Tags: art/music, community, economic sociology, inequality, media, affordable housing, empowerment, homelessness, 00 to 05 mins
Summary: This music video, "I Die a Little," offers a first person narrative written and created by a sociology professor, media theorist, journalist, and a woman experiencing homelessness. Amidst the lyrics describing the struggles of homelessness, facts and statistics about homelessness appear throughout the video. It notes, for example, that "teens age 12 to 17 are more likely to become homeless than adults" and that "1 in 6 Americans live on incomes that put them at risk for hunger." Accordingly, it conveys both the structural causes of homelessness (e.g. lack of affordable housing and low-wage jobs) and its human face. The video is part of The Healing Blues Project, a community based project spearheaded by Greensboro College that partners local musicians, artists, and philanthropists with individuals from the homeless community in order to share their experience, strength, and hope. The larger collection (Healing Blues Vol 1) tells the stories of 13 individuals, all different yet somehow the same; they are joined together through the messages of humanity, hope, and love expressed in their songs. Proceeds from the Healing Blues Project go to the Interactive Resource Center, a community based outreach and resource provider, in Greensboro, North Carolina. The musicians from Haymarket Riot donated their performances to the project, and the homeless storytellers, as co-authors of the songs, receive a share of the royalties. It is also an example of the authors' use of cybertheory, which they describe as using the current technologies of postmodernity "to produce a multimedia theoretical 'text.'”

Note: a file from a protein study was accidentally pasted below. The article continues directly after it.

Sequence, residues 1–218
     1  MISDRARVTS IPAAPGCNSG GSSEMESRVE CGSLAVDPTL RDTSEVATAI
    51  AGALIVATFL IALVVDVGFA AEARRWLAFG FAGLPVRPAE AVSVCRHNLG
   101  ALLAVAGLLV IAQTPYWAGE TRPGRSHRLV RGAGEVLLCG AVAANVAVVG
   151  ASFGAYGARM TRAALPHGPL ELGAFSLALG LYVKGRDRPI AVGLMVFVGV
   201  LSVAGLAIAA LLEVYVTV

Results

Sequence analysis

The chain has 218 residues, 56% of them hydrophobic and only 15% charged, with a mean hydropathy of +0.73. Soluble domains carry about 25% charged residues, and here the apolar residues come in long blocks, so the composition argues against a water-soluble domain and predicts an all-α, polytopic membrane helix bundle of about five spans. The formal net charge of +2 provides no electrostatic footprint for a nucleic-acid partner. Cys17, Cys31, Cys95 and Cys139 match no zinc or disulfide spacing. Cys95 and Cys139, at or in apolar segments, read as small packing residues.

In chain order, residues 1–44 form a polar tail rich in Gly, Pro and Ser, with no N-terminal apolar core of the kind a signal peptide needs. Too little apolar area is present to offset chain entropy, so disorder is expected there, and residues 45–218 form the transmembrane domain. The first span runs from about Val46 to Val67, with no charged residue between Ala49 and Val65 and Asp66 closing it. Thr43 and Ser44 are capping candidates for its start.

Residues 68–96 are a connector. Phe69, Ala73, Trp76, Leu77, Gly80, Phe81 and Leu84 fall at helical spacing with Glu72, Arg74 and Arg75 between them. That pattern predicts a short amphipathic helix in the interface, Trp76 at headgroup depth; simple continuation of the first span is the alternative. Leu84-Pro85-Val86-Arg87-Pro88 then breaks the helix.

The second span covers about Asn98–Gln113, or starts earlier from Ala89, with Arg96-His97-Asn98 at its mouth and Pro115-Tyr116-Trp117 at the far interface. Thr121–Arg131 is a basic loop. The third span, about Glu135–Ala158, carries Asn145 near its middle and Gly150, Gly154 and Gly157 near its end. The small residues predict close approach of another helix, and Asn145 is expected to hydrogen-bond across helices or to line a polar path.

Submitted By: HayMarket Riot
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